I would like first of all to thank Chairman Masuda and the members of the Keidanren Defense Production Committee for hosting this luncheon and providing this opportunity today to discuss issues that are important to the security alliance between our two nations. My prepared remarks for today focus on our defense industrial cooperation in an age of globalization, but I would also be pleased to answer questions that you may have concerning regional security issues and other aspects of our security relationship.
My main subject today is a sometimes under-publicized but vital aspect of U.S.-Japan security relations. That is our cooperation in developing and procuring defense equipment and technologies. While much of our collaboration to date has been channeled through government programs, direct interaction between our defense industries will be a critical element in future research, development, and acquisition efforts. Increasingly, such cooperation will be influenced by trends toward the globalization of defense industries taking place today. As we move further into the post-Cold War era, it will be more important than ever to ensure that our defense industrial cooperation complements developments in U.S.-Japan security relations.
As you know, the past few years have seen profound changes in both U.S. defense acquisition policies and the structure of our defense industry. Reforms in Department of Defense research, development, and acquisition have focused on a more efficient use of limited resources, emphasizing commercial purchases and business practices where possible. Meanwhile, defense industry consolidation has seen some fifty independent defense firms at the beginning of this decade merged into the top five U.S. defense contractors of today. This dramatic consolidation was the inevitable result of greatly reduced defense procurement budgets. These budgets are only this year beginning to increase as we struggle to commit more resources to equipment modernization.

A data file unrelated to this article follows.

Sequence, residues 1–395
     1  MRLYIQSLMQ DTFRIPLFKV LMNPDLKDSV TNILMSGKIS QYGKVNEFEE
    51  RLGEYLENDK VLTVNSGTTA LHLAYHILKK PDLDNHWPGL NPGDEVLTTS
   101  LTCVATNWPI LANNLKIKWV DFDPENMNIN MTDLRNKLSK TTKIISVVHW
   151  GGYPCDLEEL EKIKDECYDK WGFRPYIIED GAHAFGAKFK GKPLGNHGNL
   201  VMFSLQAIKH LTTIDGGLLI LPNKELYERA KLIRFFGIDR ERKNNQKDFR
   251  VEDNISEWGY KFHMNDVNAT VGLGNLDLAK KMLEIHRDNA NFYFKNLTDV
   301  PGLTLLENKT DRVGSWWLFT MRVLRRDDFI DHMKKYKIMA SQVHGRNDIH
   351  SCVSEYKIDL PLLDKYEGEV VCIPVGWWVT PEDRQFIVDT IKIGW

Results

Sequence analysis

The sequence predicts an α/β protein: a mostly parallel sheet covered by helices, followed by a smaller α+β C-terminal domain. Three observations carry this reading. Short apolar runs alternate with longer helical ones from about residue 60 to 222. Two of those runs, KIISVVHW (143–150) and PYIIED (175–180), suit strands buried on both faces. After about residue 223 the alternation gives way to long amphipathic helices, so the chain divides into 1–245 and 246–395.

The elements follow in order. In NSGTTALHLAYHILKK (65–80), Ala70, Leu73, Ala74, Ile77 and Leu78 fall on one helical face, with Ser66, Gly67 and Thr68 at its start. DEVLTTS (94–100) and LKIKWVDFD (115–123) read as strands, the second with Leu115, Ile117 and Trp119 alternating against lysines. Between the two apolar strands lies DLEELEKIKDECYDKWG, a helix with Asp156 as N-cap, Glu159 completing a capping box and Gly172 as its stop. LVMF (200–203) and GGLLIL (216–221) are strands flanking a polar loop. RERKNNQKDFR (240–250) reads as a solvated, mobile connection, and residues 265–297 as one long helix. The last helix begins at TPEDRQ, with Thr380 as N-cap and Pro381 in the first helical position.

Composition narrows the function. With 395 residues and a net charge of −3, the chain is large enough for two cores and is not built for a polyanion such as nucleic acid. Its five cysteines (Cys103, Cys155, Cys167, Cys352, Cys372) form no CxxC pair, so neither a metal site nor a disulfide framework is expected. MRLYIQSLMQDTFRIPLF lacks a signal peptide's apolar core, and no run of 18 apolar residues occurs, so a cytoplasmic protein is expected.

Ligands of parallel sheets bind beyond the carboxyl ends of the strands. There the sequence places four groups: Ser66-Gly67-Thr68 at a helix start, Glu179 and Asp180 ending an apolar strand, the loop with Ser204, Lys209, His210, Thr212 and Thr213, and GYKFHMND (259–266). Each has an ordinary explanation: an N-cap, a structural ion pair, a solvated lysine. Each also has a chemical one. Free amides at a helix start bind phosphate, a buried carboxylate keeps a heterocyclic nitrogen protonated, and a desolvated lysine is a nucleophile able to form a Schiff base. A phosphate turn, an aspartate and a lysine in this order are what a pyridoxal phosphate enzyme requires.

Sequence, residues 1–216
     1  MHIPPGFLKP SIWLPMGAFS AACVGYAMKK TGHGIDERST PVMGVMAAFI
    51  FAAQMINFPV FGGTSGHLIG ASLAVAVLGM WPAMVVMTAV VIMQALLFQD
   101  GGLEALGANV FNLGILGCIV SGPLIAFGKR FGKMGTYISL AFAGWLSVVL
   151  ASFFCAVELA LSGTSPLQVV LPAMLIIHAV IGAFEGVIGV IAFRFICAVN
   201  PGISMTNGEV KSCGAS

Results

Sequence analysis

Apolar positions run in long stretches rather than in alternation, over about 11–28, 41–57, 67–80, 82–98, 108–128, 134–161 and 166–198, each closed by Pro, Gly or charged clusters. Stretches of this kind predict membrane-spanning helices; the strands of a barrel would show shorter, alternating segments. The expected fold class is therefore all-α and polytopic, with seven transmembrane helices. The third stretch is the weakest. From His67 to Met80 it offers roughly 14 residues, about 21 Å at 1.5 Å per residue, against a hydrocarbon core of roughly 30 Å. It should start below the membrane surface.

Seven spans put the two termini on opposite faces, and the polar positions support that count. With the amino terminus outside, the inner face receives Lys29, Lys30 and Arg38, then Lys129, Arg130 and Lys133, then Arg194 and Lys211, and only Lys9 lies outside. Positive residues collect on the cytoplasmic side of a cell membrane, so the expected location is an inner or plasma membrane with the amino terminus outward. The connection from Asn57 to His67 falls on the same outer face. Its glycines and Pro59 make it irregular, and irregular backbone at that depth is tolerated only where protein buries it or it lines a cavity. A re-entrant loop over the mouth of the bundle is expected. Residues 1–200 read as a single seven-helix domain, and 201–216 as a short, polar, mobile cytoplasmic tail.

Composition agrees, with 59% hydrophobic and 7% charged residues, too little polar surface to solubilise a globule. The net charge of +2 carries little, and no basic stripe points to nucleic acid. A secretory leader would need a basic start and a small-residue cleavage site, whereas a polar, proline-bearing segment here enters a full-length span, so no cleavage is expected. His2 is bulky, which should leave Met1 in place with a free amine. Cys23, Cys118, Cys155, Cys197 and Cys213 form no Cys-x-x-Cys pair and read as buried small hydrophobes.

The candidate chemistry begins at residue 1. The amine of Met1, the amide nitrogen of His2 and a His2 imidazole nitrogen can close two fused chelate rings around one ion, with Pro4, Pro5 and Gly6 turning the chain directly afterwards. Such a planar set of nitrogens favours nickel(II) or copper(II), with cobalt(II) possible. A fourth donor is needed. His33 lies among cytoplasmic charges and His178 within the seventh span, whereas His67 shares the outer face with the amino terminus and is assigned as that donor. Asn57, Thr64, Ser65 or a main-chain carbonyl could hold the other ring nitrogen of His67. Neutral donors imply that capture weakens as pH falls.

Industrial consolidation has begun to pay major dividends in our efforts to support the modernization of U.S. defense forces. A recent Congressional report listed more than $2 billion in savings for DOD over the past three years as a result of defense industry mergers. Yet, while encouraging consolidations to a point, we have also insisted on maintaining competition. Despite significant restructuring and consolidation within the U.S. defense industry, there are still at least two U.S. contractors with design and manufacturing experience in each critical defense product area.
Reform of government acquisition practices and industrial consolidation aimed at more effective defense acquisitions will continue for some time. Success will depend not only on developments within the U.S. but on progress in international armaments cooperation. Not so long ago we viewed international programs mostly as exercises in security assistance. We sold or licensed U.S. equipment, while viewing collaboration in R&D and use of systems or technologies developed in other countries as occasionally desirable but seldom essential factors in U.S. acquisition programs.
Our view of international programs is quite different today in two vital respects. First, we face a growing reliance on coalition operations to maintain peace and stability. Second, we need to make more effective use of limited budgetary, industrial, and technology resources.